First, he (and his mentor, if I remember the story well) prototyped eight different business models. It’s something everybody could do, I would argue. Then decided to re-launch his blog. He announced that he will start writing a book in the six months from the announcement. In the meantime he invited readers of his blog to be co-authors of his book. For a fee. Why the fee? Alexander wanted to create a book, that he would be proud of. Not just another text business book. He calculated that he would need a budget of €250,000 (which is more than a decent budget I would argue, but hey, this Swiss guys are really serious in the terms on money, look only at their banks). Pricing model was: in the first months before the start of writing, the fee for co-authors was $24, and in the last week before the start of writing the fee was $250. Yes, $250. Some people, from the USA I must add, did pay that. The budget was there. Writing could start. With more than 400 co-authors. The book is a huge success, only in Germany it was announced as the business book of the 2011. The rest is history. What can you and I learn from the story?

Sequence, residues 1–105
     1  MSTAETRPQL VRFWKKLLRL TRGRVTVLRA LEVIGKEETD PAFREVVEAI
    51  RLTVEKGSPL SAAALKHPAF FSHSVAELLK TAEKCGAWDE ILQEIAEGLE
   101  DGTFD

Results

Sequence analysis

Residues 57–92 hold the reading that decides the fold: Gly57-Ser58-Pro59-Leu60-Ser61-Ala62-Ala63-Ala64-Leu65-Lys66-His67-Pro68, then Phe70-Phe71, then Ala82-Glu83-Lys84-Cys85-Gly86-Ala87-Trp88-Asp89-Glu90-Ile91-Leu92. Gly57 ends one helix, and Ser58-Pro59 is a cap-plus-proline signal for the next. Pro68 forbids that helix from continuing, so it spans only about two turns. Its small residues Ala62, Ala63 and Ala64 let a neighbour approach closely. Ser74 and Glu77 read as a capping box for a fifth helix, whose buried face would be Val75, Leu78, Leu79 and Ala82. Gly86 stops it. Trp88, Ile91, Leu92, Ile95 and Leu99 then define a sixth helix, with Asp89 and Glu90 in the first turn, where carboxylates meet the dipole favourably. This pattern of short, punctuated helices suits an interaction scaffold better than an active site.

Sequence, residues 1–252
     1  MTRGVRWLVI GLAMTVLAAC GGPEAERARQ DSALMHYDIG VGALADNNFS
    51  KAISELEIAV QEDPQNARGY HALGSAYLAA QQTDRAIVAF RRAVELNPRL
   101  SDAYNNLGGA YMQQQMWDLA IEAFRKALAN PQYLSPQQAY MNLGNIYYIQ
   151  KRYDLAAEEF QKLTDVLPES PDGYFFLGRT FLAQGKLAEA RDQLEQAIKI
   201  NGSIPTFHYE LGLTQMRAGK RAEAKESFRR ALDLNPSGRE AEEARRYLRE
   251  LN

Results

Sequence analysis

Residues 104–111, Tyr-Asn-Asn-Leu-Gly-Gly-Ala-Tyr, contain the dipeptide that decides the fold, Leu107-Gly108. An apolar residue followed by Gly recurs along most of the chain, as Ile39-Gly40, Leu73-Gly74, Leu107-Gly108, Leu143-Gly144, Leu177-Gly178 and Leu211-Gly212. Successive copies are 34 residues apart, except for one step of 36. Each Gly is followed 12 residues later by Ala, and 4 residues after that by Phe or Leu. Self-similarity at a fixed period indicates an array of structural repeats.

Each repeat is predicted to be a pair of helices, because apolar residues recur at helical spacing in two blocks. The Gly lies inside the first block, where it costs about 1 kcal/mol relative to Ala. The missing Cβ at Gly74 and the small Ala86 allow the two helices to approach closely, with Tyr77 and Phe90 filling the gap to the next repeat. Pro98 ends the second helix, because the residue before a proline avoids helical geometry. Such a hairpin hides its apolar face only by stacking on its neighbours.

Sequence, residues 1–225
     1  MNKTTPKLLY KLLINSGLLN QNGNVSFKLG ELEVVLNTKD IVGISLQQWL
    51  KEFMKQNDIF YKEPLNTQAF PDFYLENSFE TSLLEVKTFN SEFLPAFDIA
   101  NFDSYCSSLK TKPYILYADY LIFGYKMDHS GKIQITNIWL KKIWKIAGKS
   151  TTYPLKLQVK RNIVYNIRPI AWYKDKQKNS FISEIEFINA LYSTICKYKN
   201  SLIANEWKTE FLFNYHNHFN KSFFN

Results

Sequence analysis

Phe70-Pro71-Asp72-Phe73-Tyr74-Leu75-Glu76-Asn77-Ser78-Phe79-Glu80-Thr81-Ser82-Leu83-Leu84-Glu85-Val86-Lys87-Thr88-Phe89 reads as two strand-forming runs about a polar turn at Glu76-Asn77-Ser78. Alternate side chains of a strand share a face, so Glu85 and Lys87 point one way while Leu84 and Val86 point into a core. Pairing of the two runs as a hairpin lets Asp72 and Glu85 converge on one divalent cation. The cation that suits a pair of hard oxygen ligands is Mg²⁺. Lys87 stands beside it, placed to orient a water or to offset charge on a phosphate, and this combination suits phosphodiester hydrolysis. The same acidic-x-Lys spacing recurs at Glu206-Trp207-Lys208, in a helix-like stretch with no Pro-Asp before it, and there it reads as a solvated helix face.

Alexander Osterwalder and his mentor did sketch eight business model prototypes. I don’t know if they tested every single one of them, but it is a fact that a model called co-created book has brought them enormous success in publishing their book Business Model Generation.


Scheme presenting eight different business models to publish the Business Model Generation book
Business model prototypes: publisher model, co-created book, free for-marketing, publish on demand, book & online, sponsored, do-it-yourself, customized book. Source: Business model generation book.

What should you learn from the story?

If you will remember one thing from this story, let it be this one: never generate business model prototypes alone. Always find a partner. It’s also very important to set up a time limit for prototyping your business models. Don’t spend too much time on one single prototype. And follow only one rule in prototyping on Business Model Canvas: never write on the canvas itself.

Prototype your business models with a partner